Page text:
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Flashy Nokia Smartphones Target Big Spenders

Green technology
Nokia's N79 (left) and N85 phones. Source: Reuters

Nokia unveiled two new high-end phone models, the N79 and the N85, as the world's top mobile phone maker battles against increasing competition from the likes of Apple and Samsung.

The news lifted shares in Nokia more than 2 percent on Tuesday as it reassured investors the company was on track to refresh its offering for the key Christmas sales period.

"Nokia sailed through first half of the year with little changes in its phone portfolio," said Pohjola analyst Hannu Rauhala. "Now the portfolio renewal has started and this should boost profitability."

The N79 and N85 models will go on sale in October. Both new phones, upgrades of Nokia's (NYSE: NOK) older models, will have 5 megapixel cameras and pre-loaded games.

The segment is key for Nokia and other manufacturers: Newer and more expensive models usually have higher profit margins than older and cheaper phones. The N85 will retail for $659, excluding operator subsidies and taxes, and the N79 will go on sale for $513.

Nokia, which controls 40 percent of the global mobile phone market, has an even higher market share among the most expensive phones, helped by the success of its flagship N95 model.

"All manufacturers are trying to sustain or extend their high-tier device portfolios because of the higher margins they offer," said Ben Wood, research director at CCS Insight.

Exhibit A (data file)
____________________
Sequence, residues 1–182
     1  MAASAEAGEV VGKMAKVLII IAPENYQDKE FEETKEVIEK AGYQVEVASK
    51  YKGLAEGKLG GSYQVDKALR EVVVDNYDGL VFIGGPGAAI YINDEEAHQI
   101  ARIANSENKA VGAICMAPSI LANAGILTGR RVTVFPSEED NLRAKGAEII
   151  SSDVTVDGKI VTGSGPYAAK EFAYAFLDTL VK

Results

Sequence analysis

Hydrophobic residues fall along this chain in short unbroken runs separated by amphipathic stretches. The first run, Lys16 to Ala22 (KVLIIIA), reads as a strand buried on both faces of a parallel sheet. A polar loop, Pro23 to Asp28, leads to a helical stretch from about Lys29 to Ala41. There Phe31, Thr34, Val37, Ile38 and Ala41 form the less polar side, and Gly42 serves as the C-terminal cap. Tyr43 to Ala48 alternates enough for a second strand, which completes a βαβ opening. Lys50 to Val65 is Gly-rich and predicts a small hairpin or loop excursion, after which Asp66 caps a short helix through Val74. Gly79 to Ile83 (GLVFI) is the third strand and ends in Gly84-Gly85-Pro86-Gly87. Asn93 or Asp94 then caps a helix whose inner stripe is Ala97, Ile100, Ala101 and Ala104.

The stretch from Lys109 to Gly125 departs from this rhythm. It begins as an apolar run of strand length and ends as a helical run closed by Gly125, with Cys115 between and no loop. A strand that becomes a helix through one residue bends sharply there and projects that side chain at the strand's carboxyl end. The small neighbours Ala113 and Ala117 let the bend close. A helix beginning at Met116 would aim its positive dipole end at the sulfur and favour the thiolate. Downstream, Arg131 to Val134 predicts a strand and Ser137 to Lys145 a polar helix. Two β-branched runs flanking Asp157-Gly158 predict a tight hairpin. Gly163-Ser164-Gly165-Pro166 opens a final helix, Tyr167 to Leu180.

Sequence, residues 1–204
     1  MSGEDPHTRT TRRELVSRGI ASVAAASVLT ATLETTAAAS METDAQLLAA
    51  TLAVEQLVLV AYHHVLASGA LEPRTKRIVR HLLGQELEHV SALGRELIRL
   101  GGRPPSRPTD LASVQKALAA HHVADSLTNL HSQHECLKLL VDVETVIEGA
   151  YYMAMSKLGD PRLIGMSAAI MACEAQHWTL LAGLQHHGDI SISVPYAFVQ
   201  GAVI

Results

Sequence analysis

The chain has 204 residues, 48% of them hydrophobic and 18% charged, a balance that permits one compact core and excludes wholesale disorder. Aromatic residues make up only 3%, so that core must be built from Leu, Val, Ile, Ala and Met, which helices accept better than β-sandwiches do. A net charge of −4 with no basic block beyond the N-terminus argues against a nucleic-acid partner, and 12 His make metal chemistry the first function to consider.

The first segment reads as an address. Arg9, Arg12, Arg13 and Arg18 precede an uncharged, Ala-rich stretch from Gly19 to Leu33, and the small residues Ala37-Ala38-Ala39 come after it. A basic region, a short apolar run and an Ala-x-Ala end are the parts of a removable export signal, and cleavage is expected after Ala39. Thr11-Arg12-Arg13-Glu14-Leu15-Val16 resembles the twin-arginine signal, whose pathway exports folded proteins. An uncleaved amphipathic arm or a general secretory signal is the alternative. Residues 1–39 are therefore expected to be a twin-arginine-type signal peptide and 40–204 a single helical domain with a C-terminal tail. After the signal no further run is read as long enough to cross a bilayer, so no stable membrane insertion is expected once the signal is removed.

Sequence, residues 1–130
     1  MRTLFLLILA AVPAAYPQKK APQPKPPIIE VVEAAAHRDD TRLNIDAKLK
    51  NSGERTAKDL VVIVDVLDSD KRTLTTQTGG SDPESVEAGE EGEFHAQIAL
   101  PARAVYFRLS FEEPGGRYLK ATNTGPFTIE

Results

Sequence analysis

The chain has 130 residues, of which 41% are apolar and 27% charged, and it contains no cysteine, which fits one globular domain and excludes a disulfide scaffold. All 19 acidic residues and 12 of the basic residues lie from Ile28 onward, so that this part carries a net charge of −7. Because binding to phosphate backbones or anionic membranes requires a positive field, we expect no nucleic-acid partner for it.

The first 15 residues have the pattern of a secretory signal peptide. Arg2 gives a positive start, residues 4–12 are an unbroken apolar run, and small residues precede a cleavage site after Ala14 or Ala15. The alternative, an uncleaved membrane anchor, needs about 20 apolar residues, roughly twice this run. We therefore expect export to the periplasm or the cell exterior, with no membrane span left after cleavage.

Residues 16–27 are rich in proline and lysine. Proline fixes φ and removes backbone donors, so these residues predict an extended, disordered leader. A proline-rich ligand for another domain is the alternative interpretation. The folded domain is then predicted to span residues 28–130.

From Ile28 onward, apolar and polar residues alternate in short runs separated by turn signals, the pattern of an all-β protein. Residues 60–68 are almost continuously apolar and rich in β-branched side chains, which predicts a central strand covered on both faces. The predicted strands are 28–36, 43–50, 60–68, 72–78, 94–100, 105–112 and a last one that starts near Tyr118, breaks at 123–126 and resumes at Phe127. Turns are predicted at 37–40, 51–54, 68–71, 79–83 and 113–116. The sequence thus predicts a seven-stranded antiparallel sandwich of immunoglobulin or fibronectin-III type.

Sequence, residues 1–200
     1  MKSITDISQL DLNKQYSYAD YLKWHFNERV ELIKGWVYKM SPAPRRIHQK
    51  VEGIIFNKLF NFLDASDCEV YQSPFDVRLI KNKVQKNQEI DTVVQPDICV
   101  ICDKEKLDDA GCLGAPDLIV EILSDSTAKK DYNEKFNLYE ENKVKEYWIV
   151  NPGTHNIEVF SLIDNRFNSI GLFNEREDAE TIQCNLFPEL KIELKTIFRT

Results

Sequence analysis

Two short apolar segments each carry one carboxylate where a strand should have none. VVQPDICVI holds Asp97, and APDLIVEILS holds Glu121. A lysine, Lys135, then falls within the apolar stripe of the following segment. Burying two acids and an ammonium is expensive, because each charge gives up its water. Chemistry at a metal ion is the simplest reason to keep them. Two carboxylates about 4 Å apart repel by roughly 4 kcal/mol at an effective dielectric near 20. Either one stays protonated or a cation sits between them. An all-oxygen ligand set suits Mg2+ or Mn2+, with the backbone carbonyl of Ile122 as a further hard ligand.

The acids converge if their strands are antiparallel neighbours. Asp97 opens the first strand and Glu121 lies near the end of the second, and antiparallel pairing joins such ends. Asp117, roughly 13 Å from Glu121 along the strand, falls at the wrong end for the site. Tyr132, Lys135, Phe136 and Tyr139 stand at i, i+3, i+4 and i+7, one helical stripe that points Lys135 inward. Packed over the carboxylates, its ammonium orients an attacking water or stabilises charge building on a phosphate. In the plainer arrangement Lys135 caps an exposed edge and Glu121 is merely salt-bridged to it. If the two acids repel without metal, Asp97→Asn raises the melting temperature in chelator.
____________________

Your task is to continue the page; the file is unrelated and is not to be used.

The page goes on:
"Furthermore, in saturated markets -- in Western Europe and North America -- replacement sales depend on offering consumers something compelling over and above voice and text," Wood said.

Since last year Nokia's leading position has been under attack from sleek touch screen models from LG Electronics, Samsung and Apple (NASDAQ: AAPL).

Nokia is set to come out with its first touchscreen phone, codenamed "Tube," this year.

The company has also embarked on a strategy of open sourcing the core Symbian operating system on which its phones are based. The move seeks to better position it against higher-end devices made by vendors like Apple, Microsoft and Research in Motion, and may serve as a defense against Google's upcoming Android mobile phones -- also an open source project.

The first Android device is expected from U.S. carrier T-Mobile, and is set for launch later this year.